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In this article I'll have a closer look at Total (NYSE:TOT), a French oil and gas company. I'll start with the Q1 results and the company's balance sheet, and will then move on to the outlook for the company, its dividend policy and my investment thesis.

As Total is a French company, all numbers are in euros and are recalculated into USD at a fixed EUR/USD exchange rate of 1.30.

The Q1 financial results

Total reported a revenue of 63.5B USD [pdf], which is approximately 5% lower than the same quarter last year. The net income dropped by 58% from 4.8B USD to 2B USD, mainly because of an impairment charge of 1.25B EUR (1.625B USD) on the Voyageur project sale. Excluding all non-recurring events, the adjusted net profit was 3.8B USD, or a profit per share of 1.67 EUR, which was only 7% down from last year.

Of interest is the adjusted net profit of the refining and chemicals division, which was up 4% compared to Q4 2012, even though the European refining margin declined by 20% from $33.9/t to $26.9/t, which is still much higher than the $20.9/t in Q1 2012.

The Balance sheet

The company's balance sheet looks very robust, with a working capital of 19B EUR ( almost 25B USD) and a current ratio of 1.38 (everything above 1 indicates the company has sufficient current assets to cover the current liabilities).

Shareholders' equity (excluding minority interests) increased by 4B EUR from Q1 2012 to 73.8B EUR as of March 31, 2013. This equates to a book value per share of 31.2 EUR (or $40.56), meaning the company is currently trading at a premium of approximately 25% over its book value.

The outlook

In this paragraph, I'll have a closer look at Total's net profit margin, its past earnings per share and the analyst estimates on the EPS for the next few years. As noted, all numbers in euro are being recalculated into U.S. dollar at a fixed 1.30 conversion rate.

As you can see, the net profit margin is expected to increase again, after reaching a low of 5.87% in 2012. For this year, the net profit margin should (based on analyst profit and revenue expectations) increase to a healthier 6.36%, and is expected to climb toward the 8% mark in 2015.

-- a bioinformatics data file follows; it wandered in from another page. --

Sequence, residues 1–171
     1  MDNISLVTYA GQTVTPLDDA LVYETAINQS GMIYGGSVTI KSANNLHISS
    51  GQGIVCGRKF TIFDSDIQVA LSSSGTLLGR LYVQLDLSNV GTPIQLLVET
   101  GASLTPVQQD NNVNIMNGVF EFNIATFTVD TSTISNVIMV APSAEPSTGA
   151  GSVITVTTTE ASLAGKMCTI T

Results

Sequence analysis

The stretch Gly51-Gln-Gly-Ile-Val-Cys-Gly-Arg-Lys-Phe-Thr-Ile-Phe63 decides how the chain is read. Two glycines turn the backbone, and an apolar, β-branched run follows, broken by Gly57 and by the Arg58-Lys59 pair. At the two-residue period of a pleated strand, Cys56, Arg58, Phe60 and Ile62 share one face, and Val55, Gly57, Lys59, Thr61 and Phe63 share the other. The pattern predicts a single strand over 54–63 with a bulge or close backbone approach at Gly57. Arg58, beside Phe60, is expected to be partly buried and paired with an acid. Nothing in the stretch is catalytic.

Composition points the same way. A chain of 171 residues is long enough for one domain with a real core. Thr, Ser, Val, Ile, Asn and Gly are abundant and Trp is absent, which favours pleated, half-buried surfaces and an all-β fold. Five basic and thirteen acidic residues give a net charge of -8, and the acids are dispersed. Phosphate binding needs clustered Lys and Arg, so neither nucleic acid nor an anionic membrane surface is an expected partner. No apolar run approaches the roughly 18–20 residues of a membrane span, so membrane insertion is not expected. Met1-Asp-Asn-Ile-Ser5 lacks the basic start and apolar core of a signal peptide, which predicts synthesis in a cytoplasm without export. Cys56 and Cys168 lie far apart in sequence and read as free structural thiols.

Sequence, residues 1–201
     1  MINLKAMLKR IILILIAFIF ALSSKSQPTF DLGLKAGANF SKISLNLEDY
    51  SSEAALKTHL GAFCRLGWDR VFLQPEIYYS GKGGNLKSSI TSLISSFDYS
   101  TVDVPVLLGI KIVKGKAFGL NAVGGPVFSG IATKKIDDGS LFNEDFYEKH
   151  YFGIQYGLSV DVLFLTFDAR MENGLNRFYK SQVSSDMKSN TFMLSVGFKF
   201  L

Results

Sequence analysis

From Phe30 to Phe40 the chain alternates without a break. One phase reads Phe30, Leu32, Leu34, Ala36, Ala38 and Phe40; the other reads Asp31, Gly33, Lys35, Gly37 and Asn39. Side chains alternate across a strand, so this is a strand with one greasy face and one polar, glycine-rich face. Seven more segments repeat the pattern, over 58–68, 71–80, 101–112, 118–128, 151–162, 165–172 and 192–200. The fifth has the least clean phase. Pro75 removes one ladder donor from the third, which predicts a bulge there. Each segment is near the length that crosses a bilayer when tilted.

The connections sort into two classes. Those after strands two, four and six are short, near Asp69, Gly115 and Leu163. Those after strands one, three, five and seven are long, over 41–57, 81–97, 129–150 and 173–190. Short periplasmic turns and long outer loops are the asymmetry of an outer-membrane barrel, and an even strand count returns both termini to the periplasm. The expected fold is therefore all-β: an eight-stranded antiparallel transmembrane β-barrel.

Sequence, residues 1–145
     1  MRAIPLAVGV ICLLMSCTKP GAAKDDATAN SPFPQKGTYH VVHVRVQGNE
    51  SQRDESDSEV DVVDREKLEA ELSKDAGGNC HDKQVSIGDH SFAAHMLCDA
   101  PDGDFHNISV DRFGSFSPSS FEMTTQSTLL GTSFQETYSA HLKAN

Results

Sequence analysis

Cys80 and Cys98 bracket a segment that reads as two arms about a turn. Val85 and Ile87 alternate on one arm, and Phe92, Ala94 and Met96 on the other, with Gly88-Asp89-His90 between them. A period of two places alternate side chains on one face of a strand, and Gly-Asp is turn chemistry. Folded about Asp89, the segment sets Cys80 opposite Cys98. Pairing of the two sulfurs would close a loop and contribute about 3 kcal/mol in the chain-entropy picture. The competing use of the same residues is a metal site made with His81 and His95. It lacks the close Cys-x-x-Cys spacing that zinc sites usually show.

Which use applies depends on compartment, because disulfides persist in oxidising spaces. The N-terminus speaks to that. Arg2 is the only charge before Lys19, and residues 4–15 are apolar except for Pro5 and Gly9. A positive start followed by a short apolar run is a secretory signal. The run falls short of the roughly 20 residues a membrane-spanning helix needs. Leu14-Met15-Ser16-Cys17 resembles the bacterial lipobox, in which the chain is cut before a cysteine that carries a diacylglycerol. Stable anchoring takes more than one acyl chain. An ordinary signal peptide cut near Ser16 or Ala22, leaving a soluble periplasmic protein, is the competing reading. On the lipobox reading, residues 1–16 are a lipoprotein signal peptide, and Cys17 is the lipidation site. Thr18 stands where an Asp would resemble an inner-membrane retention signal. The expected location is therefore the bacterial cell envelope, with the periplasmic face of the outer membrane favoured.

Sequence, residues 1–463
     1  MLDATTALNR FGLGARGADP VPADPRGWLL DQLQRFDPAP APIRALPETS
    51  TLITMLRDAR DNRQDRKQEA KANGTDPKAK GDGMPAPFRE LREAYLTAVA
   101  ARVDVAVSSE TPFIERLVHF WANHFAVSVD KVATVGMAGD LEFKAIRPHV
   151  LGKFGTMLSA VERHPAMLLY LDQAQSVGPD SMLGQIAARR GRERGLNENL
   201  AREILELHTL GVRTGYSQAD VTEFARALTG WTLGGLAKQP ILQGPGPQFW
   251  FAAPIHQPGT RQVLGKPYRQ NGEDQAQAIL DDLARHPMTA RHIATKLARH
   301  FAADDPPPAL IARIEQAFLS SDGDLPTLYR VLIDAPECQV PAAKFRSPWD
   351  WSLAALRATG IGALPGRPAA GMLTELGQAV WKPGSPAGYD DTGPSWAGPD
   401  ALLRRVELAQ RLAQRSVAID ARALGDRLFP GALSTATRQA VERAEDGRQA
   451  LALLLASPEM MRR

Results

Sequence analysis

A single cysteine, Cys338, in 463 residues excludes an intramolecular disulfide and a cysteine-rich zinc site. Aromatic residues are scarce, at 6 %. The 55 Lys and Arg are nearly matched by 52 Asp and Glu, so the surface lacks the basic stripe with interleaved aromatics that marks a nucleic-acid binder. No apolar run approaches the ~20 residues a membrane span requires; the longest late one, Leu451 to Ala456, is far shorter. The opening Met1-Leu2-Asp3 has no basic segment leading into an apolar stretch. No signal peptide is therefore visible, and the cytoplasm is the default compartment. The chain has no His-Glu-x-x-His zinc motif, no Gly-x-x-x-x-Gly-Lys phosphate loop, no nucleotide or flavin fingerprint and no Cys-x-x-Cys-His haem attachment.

Year

Net Profit Margin

2010

6.63%

2011

6.65%

2012

5.87%

2013

6.36%

2014

7.27%

2015

7.74%

The earnings per share should also increase from this year on. This table provides the expected EPS in both euro and dollar (using the 1.30 fixed EUR/USD rate). Based on the forward price/earnings, Total definitely isn't too expensive, as the company is only trading at 6.8X the expected 2015 earnings.

Year

Expected EPS [EUR]

Expected EPS [USD]

Resulting P/E for the US listing

2013

4.98

6.47

7.5

2014

5.35

6.96

6.9

2015

5.44

7.07

6.8

The Dividend

In this paragraph, I'll have a closer look at the company's dividend. Total currently pays a quarterly dividend of 0.59 EUR/share (approximately 0.77 USD), which results in a current gross dividend yield of approximately 6.36%.

The next table shows the influence of a changing exchange rate on the dividend in U.S. dollars. As you can see, the weaker the U.S. dollar, the higher the dividend will be.

EUR/USD rate

Dividend in USD

1.25

2.95

1.275

3.01

1.30

3.07

1.325

3.13

1.35

3.19

In the next table, I'll calculate the gross dividend yield based on different share prices. I'll use the 3.07USD/share dividend under the base-case scenario with a EUR/USD exchange rate of 1.30.

Share Price

Gross Dividend Yield

40

7.7%

42.5

7.2%

45

6.8%

48.35

6.35%

50

6.1%

Finally, keep in mind France has a 30% withholding tax on dividends. Always consult your broker or tax consultant to find out if your country has a double tax treaty with France and what documents you need to fill in to ask for a (partial) refund of the French withholding tax.

Conclusion

Total is a very reliable oil and gas company, which has a proven track record and is making consistent multi-billion dollar profits. I expect the dividend at least to remain stable, and am hoping for a small increase in the near future.

It might be a good idea to write put options on Total as well, as buying the shares at a lower price can significantly increase the dividend yield. For instance, writing a put 42.5 for January 2014 yields an option premium of $1.40 (which is an annualized return of 5.6% if you don't get assigned the shares. If you do get shares assigned at 42.50, your dividend yield increases to 7.2%.

As Total is a very steady dividend payer with a dividend yield of in excess of 5%, I think it deserves a place in every income-oriented portfolio. Options can be used for additional returns.

I currently do not own shares in Total, but I wrote puts on various strikes and expiry dates on the Paris Stock Exchange.

Source: Why Total Belongs In Your Income Portfolio